Rhetorical Analysis – Food Inc.
‘Food Inc’, is an informative, albeit slightly biased, documentary that attempts to expose the commercialisation and monopolisation of the greater food industry. The film attempts to show the unintended consequences resulting from this, and for the most part this technique is very effective; however there is an overreliance on pathos in lieu of facts and statistics at times. ‘Food Inc’ starts off with a camera moving slowly through supermarket shelves with menacing background music and a bass voiceover informing the audience that, ‘in the American supermarket, there are no such things as seasons.’ Tomatoes and fruits, we are told, are grown overseas while in season but still green, then gassed to induce ripening during shipment. The anonymous voiceover, which the audience soon learns belongs to the author of ‘The Omnivore’s Dilemma,’ Michael Pollan, then backtracks, with a brief explanation of how the process of food production has evolved, or perhaps devolved in the eyes of many, over the years. The film is broken up into sections, much like chapters, that one by one accumulate in an attempt to paint the broader picture of just how corrupt and ungoverned the food industry is. Unlike many documentaries, this film doesn’t just preach to the choir, in fact it empathises with those who in essence finance these enormous food corporations. We meet the Orozco family of Los Angeles in the section entitled ‘The Dollar Menu,’ and through doing so learn about the predicament facing so many living on or below the poverty line. Essentially, the family has to make a decision on whether to buy costlier healthy foods, or the medication Mr. Orozco requires for his various conditions; understandably they choose the latter. When double-cheeseburgers are available, readymade, for less than the cost of a head of lettuce, it is an alarming indication of why obesity is now a sign of poverty, not wealth and excess, as was once the case. At...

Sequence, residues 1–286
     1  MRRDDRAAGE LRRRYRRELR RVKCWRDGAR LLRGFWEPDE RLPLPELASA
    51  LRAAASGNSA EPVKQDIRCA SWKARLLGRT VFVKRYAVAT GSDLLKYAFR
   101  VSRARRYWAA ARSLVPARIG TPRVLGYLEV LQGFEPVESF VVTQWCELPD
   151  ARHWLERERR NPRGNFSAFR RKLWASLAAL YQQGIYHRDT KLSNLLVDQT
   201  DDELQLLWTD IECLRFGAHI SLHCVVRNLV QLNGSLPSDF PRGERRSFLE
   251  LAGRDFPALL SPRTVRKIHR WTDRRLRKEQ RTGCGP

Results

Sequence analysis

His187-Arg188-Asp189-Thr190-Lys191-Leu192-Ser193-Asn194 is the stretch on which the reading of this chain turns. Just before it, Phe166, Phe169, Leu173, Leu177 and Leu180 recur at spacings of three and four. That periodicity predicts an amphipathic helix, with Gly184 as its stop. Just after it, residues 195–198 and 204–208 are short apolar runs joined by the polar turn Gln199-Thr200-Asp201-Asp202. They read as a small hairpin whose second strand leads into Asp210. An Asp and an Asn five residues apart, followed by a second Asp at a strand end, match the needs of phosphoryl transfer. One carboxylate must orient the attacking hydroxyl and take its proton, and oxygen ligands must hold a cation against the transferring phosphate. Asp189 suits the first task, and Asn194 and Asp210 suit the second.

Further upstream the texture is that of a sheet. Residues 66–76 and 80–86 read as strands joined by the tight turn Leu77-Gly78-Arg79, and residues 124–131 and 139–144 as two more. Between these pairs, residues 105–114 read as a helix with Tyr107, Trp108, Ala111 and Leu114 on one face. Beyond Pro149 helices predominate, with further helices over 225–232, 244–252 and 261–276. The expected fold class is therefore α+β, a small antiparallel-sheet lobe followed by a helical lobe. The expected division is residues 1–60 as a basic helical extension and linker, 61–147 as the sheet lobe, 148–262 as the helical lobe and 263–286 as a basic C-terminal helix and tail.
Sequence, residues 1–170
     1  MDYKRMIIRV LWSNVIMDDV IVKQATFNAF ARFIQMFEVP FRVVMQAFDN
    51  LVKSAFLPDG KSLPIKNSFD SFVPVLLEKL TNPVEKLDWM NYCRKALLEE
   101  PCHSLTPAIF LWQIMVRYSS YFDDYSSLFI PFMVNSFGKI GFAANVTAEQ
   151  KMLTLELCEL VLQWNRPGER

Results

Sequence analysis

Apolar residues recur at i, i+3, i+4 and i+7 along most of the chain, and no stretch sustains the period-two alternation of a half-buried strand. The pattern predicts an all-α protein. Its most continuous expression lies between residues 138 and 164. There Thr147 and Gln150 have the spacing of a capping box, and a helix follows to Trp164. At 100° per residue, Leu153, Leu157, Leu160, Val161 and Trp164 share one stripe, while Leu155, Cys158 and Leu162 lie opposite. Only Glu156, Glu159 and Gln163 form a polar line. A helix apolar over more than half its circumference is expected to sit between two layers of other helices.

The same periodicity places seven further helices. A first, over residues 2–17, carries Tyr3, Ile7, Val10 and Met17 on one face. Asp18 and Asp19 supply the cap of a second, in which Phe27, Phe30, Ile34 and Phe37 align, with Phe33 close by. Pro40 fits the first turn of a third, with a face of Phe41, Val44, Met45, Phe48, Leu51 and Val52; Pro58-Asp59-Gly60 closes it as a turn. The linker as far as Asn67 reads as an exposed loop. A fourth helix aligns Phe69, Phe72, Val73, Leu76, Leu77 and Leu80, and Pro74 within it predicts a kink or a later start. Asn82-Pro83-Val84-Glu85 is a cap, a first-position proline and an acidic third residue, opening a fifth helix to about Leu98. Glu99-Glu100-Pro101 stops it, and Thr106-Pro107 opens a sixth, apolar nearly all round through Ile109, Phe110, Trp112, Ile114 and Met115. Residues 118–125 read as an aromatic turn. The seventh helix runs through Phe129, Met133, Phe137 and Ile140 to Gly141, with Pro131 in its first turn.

Cited: Food Inc. Director: Robert Kenner. Narrator: Robert Kenner. ‘Magnolia’ 2008. DVD
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